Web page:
Adults with high blood pressure face higher healthcare costs
Adults with high blood pressure face $1,920 higher healthcare costs each year compared to those without high blood pressure, according to new research in Journal of the American Heart Association, the Open Access Journal of the American Heart Association/American Stroke Association.
Based on the U.S. prevalence of hypertension, researchers estimate the national adjusted annual cost for the adult population with high blood pressure to be $131 billion higher compared to those without the disease.
It is important to note that this twelve-year study was done using previous hypertension guidelines—which defined high blood pressure as 140/90 mm Hg or higher. In 2017, the American Heart Association and the American College of Cardiology lowered the definition of high blood pressure to 130/80 mm Hg or higher.
"The new lower definition of high blood pressure will increase the number of adults in the hypertensive population," said study lead author Elizabeth B. Kirkland, M.D., M.S.C.R., an assistant professor of internal medicine at Medical University of South Carolina in Charleston. "This may decrease the average cost of hypertension for individual patients while increasing the overall societal costs of hypertension."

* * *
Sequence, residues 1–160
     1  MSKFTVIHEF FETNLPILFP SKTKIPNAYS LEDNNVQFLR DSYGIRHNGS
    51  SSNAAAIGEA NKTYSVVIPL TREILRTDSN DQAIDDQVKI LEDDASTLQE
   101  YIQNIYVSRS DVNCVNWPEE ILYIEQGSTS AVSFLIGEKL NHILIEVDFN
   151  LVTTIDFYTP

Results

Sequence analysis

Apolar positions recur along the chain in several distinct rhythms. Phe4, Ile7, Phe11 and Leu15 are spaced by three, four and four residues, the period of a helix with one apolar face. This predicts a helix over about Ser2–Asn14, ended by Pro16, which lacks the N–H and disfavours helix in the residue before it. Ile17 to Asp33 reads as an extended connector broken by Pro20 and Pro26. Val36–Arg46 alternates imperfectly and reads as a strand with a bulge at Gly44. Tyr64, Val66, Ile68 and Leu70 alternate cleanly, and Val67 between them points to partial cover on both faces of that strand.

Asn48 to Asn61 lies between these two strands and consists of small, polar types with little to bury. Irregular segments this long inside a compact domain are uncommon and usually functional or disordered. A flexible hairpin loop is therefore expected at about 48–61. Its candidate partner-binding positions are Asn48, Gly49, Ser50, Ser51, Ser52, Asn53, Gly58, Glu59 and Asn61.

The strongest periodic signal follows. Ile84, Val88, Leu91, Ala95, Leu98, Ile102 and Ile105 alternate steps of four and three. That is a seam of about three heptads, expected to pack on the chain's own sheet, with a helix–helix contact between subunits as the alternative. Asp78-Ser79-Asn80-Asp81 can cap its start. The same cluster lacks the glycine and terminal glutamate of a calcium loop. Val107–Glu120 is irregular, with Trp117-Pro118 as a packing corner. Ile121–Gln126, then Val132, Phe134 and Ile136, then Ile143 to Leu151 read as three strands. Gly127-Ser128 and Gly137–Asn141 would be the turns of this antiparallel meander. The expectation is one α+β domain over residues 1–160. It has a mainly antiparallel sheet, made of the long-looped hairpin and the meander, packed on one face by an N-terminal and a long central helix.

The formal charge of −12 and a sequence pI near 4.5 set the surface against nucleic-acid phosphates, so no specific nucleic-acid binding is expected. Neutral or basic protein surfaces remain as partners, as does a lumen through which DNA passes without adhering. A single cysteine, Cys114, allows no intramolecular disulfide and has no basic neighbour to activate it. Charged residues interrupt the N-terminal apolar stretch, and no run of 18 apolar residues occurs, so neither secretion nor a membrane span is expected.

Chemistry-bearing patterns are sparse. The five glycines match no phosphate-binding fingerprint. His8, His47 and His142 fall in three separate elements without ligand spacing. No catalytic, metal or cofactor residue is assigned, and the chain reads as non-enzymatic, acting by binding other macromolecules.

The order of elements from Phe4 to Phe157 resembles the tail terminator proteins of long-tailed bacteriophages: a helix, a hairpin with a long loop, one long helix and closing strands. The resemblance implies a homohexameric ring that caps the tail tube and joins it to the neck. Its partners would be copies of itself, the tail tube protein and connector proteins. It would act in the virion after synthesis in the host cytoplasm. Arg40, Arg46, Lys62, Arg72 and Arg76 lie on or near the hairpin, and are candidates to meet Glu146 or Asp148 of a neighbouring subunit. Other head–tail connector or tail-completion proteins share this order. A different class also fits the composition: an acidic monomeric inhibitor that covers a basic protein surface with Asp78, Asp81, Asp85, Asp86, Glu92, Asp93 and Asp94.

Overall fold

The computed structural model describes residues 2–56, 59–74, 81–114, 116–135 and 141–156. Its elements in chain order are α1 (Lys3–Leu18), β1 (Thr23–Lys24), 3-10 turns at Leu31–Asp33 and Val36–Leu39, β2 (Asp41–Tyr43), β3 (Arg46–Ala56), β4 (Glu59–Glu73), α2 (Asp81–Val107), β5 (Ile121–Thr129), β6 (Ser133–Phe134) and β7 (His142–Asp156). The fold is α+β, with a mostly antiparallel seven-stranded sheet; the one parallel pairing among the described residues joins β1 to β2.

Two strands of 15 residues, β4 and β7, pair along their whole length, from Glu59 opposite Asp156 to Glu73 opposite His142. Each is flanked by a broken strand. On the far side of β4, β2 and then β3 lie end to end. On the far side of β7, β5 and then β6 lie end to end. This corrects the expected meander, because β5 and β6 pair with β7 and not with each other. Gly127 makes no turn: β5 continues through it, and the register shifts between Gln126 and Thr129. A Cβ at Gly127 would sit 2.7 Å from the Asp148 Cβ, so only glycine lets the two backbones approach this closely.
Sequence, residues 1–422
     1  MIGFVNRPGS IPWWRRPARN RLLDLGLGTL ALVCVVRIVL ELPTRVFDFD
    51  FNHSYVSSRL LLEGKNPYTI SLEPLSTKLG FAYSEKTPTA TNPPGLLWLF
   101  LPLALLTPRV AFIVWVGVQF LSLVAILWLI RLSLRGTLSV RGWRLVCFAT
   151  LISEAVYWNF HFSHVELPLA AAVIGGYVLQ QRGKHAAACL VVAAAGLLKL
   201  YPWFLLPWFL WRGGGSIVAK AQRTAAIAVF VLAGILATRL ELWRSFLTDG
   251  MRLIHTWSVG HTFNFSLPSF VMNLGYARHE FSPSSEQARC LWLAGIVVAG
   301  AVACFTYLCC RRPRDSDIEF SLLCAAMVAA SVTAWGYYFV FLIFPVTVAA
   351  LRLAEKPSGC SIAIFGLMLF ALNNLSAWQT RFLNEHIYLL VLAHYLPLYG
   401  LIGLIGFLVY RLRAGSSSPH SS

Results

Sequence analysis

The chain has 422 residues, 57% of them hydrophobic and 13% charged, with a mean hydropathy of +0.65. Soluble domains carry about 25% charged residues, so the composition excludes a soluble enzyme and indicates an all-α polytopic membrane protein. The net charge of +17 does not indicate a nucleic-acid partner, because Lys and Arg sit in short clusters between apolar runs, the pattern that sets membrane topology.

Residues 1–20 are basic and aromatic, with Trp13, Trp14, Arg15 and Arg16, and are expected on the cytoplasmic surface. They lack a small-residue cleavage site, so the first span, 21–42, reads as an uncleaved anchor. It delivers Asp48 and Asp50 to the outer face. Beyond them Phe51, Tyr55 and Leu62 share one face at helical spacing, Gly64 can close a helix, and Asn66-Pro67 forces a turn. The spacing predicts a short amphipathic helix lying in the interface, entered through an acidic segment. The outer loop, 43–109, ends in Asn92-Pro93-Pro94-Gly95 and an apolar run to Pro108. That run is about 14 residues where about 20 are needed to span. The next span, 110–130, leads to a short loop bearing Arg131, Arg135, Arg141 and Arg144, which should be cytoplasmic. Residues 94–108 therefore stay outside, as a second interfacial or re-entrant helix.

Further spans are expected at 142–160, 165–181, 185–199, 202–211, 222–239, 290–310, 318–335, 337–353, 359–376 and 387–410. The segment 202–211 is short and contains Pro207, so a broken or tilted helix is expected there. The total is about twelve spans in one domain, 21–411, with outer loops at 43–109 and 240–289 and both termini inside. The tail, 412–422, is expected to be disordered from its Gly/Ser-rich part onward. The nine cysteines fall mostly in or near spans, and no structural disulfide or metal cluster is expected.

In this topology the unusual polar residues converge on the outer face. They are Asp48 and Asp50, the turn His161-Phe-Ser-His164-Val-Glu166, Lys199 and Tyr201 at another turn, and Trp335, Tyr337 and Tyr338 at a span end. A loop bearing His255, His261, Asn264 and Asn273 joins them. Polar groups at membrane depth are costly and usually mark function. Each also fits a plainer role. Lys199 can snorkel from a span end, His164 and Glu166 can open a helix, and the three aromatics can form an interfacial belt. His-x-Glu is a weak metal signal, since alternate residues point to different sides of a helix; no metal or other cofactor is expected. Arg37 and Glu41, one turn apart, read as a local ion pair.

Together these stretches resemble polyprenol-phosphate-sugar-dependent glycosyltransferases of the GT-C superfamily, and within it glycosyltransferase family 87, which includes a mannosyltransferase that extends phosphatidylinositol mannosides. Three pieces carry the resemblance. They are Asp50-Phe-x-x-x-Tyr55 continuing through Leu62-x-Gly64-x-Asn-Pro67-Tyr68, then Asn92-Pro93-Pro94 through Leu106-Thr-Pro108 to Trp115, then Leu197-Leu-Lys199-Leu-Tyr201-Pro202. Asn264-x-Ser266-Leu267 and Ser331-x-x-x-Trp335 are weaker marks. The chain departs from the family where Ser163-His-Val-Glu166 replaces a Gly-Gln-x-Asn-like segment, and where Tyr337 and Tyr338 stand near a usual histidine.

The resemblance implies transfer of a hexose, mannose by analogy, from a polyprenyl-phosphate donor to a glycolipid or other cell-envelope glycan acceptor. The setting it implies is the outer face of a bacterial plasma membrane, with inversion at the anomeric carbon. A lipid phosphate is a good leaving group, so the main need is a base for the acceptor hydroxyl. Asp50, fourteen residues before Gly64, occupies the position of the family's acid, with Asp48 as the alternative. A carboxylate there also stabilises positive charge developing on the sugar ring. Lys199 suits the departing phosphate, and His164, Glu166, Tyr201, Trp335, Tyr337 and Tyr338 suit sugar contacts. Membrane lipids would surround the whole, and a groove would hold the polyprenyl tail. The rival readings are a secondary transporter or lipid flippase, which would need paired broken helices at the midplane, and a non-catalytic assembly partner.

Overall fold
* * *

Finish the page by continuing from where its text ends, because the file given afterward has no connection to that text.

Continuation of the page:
For this study, researchers used 2003-2014 Medical Expenditure Panel Survey (MEPS) data that included 224,920 adults, of whom 36.9 percent had high blood pressure, to measure trends and calculate estimated annual healthcare costs. Researchers adjusted for other medical reasons, such as a history of stroke or diabetes, that would contribute to their medical expenses.
Compared to patients without high blood pressure, those with high blood pressure had:
- 2.5 times the inpatient costs;
- almost double the outpatient costs; and
- nearly triple the prescription medication expenditures.
"While the increased cost for patients with high blood pressure remained stable from 2003-2014, the rising prevalence of hypertension will become an increasingly large burden on the U.S. population for hypertension expenditures," Kirkland said. "The better we can learn to recognize high blood pressure, treat it and manage it, the better we'll be able to address these costs."
Although expenditures were higher for inpatient and outpatient care, over the course of the study period, the researchers observed a shift toward more cost in the outpatient setting than the inpatient setting, which may reflect a larger societal trend to try to bring care out of the hospital system and into locations that are more accessible to most patients, Kirkland said.
National statistics from the 2017 hypertension guidelines estimate that 46 percent of U.S. adults—103 million people—have high blood pressure, but only about half of those have their blood pressure controlled despite improvements in diagnosing, treating and controlling hypertension.